Phyllis and Me

 /   /  By Emma Birches
Stone Soup Magazine
November/December 2001

By Abigail Kelly, Illustrated by Christina Becos

I ran down the stairs, grabbed my backpack and rushed out the door just as the bus turned the corner. It was the first day of school. I was new. I wondered whether the fourth-graders would like me. What if they didn’t?

On the bus, I sat next to a girl who was tall and had long brown curly hair that went down to her waist. She wore a short blue-jean skirt with black platform flip-flops, and a green-and-purple-striped sleeveless shirt. She looked nothing like me. I was short, with straight black hair that went down to my shoulders. I was wearing bell-bottoms with white socks, white sneakers and an orange T-shirt. “Hi,” the girl said, “my name is Meagan, what’s yours?”

“I’m Elizabeth,” I said.

“Well, Lizzie, since you’re new, I might as well warn you about Phyllis. She’s crazy and she plays baby imaginary games.”

I looked down at my lap and remembered the games I used to play with my old best friend Ashley. We would pretend that we were horses running free in the fields, or running away from horse catchers. Ashley never called me Lizzie. She knew I liked my full name, Elizabeth.

At recess, I sat on the cement steps in front of the school with Meagan and her friend Jane.

“Look at that handsome boy over there,” Jane said, pointing to a tall boy near a grove of trees on the edge of the playground.

“Oh my gosh! He’s so cute,” Meagan said.

Phyllis and Me on school grounds

“Look at that handsome boy over there,” Jane said, pointing to a tall boy near a grove of trees

All I could see was a tall boy, who looked a bit mean. Behind him, a girl was crawling on her hands and knees and talking to herself. He was teasing her, but she didn’t seem to mind. The girl reminded me of Ashley.

At the next recess, I was following Meagan and Jane to the cement steps, when the girl that had been crawling on her hands and knees the day before walked up to me and asked, “What animal are you?”

I was puzzled for a moment, but then I thought I knew what she meant.

“I was born in the year of the monkey,” I answered.

“You don’t look like a monkey to me,” she said, “You look more like a panther. Don’t you think I look like a lion?”

I stared at the girl’s red straight hair which was pulled up in a bun with the ends sticking up all over the top of her head. She did look something like a lion. She was thin, and she had freckles all over her arms, legs and face.

“Quick! Here comes the hunter!” She pointed to the tall boy who had been teasing her the day before. She grabbed my arm and ran to the grove of trees at the edge of the playground.

“Lion,” I gasped, “that was a good escape, but he’ll find us soon. We need to go deeper into the woods!”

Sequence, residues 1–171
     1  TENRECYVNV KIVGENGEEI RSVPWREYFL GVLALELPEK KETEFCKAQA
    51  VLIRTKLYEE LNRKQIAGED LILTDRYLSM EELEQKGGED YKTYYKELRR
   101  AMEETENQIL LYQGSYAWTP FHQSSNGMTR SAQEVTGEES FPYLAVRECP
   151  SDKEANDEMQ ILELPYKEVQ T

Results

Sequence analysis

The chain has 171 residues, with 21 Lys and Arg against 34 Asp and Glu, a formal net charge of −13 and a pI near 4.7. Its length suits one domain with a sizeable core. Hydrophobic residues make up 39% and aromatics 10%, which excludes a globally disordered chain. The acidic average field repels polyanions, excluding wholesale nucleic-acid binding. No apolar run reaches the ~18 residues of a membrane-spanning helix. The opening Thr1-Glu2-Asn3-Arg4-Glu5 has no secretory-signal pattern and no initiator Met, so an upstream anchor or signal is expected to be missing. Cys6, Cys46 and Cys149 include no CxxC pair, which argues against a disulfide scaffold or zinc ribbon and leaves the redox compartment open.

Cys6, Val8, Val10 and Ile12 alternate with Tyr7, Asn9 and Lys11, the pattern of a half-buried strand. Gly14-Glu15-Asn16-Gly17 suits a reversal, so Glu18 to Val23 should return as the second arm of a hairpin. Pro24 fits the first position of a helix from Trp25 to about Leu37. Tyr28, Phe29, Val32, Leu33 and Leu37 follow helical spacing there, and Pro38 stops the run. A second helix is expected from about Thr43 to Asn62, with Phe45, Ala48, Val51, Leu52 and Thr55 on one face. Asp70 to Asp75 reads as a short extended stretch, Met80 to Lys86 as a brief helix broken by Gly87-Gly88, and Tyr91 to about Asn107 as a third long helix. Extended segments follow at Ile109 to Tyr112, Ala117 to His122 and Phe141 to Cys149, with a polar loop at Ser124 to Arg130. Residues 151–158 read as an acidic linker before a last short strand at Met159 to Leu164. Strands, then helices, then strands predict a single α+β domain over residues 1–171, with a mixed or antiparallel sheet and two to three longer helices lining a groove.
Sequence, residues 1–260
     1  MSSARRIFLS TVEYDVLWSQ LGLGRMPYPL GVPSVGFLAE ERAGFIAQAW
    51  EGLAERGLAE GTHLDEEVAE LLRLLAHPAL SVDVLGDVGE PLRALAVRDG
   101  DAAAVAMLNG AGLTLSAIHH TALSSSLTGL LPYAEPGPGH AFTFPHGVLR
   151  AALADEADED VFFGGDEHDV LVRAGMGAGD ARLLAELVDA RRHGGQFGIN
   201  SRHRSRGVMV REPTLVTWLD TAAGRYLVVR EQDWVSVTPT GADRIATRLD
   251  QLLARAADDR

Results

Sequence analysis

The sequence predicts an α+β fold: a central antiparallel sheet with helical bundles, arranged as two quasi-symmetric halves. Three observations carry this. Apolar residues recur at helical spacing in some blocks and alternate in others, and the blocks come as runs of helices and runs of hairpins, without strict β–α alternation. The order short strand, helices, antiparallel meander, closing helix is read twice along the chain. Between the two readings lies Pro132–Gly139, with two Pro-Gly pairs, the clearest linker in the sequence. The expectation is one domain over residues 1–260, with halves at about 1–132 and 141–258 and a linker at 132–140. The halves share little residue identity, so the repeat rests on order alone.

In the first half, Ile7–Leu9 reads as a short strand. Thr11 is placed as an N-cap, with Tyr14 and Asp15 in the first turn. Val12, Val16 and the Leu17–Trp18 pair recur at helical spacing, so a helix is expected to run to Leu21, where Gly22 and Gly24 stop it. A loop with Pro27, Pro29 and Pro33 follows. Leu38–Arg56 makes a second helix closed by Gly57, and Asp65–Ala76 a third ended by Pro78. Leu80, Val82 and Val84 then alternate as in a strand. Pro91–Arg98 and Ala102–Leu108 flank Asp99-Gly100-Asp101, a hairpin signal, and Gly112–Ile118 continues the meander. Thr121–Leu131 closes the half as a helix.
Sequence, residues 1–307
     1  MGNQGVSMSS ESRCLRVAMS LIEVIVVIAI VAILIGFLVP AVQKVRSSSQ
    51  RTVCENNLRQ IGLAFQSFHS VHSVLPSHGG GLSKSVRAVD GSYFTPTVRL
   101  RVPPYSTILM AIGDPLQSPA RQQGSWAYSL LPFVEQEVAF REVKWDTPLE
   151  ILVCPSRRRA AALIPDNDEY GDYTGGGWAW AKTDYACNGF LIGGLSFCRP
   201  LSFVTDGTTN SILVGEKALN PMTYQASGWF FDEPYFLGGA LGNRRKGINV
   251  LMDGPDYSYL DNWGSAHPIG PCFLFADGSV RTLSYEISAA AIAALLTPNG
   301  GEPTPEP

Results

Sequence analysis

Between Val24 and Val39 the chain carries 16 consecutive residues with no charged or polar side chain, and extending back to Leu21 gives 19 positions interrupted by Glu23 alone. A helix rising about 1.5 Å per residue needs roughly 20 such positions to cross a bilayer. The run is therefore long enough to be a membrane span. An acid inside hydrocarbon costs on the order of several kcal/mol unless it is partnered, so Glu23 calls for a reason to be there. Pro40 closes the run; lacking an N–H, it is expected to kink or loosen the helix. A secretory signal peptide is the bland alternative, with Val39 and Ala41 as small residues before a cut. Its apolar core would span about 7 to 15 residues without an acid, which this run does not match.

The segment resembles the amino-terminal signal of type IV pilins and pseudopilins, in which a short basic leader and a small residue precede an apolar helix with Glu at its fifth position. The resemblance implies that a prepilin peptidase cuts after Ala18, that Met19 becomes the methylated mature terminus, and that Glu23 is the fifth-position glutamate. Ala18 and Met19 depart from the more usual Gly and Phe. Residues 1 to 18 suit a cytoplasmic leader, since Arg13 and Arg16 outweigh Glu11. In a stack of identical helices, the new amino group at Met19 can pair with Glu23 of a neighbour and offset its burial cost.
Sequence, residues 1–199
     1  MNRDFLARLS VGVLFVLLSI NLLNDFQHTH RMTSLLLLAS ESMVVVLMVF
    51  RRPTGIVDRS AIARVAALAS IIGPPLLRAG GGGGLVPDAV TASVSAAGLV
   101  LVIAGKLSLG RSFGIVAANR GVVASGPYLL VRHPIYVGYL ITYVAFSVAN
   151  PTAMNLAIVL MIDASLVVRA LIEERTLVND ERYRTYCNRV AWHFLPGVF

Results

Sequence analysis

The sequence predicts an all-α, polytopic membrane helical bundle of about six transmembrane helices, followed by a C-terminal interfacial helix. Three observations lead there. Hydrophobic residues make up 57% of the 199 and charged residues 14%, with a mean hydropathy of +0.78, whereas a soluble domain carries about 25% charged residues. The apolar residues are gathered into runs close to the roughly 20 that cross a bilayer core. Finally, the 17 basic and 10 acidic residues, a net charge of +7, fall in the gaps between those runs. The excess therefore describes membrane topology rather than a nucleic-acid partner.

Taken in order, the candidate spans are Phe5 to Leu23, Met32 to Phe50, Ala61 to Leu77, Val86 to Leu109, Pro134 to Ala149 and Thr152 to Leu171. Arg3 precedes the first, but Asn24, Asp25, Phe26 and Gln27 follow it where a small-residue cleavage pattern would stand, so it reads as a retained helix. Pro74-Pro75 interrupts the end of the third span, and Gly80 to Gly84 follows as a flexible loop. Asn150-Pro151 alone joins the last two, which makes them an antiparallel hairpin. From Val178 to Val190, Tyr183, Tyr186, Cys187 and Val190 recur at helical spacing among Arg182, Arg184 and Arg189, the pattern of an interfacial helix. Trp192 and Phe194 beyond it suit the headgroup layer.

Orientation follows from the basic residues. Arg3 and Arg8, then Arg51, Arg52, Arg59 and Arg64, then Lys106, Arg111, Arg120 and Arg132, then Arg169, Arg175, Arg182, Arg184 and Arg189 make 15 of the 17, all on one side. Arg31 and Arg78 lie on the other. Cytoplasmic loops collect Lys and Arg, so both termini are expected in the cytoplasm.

Lion ran ahead of me, deeper into the grove of trees, and I followed as fast as my legs would carry me. Then we heard the bell.

Lion raced back through the trees beside me, when a stick popped out from the edge of the path. I had no time to slow down, or stop, so I tripped over the stick and landed on my face in the dirt. Lion landed beside me a few seconds after I had landed. Lion jumped to her feet and shouted, “I’m going to get you this time, Mike.” It was the tall boy.

One of the lunch monitors ran over and told Mike to go to the principal’s office, and helped me get up. Lion had a bloody nose and a skinned knee. I had a scraped chin, and a mouth full of dirt.

In the nurse’s office, Mrs. Smackers, our school nurse, gave Lion a tissue for her bloody nose. “Here you go, Phyllis,” she said.

Phyllis? I thought. Lion was crazy Phyllis? She sure didn’t seem crazy to me.

When I got on the bus, I sat next to Meagan, and she said, “I’m not going to sit with you until you stop playing with Phyllis. I warned you not to, but you didn’t take my word for it.”

I had been looking forward to playing with Phyllis at recess the next day, but now I had changed my mind.

The next day, I sat on the concrete steps with Meagan and Jane. Mike came over and apologized to me. I didn’t say anything back because I was still mad at him.

After Mike left, Meagan said, “You’re so lucky! He likes you!”

Then Phyllis came over and asked, “Aren’t you going to play with me, Panther?”

Meagan and Jane both laughed. “Don’t you know her name is Lizzie?”

“Her name isn’t Lizzie, it’s Elizabeth,” Phyllis said.

I looked at Phyllis, then at Meagan and Jane, and I said, “Maybe I’ll play tomorrow, but right now, I’m busy.”

Phyllis looked down at her feet and walked away slowly.

Meagan and Jane gave me a high five, and said, “Great work!” but I felt like I had done something terrible. I watched Phyllis sit down on the path near the grove of trees. I wished I could be climbing trees and running from hunters, instead of talking about boys.

Then I saw Mike walking toward Phyllis with a stick in his hand. I jumped up and ran across the playground. “Mike!” I shouted.

I ran up to him and said in a low voice, “I have a message. Meagan and Jane want you to go sit with them.”

“They do?”

“Well, yeah! Of course. They think you’re the cutest guy in school.”

He dropped the stick, and started walking toward Meagan and Jane. Meagan put her hand over her mouth, and Jane’s jaw dropped. I looked at Phyllis and said, “Hey, Lion, let’s get out of here before the hunter changes his mind about those girls.”

That afternoon, Meagan saved a seat for me on the bus. “You are so brilliant, Lizzie,” she said.

“Hey, Meagan, will you call me Elizabeth?”

“Sure,” she said.

“And another thing,” I asked, “do you mind if I sit with you on the bus but play with Phyllis at recess?”

“That’s fine with me, Elizabeth,” she said.

Phyllis and Me Abigail Kelly

Abigail Kelly, 9
Beverly, Massachusetts

Phyllis and Me Christina Becos

Christina Becos, 9
Los Angeles, California

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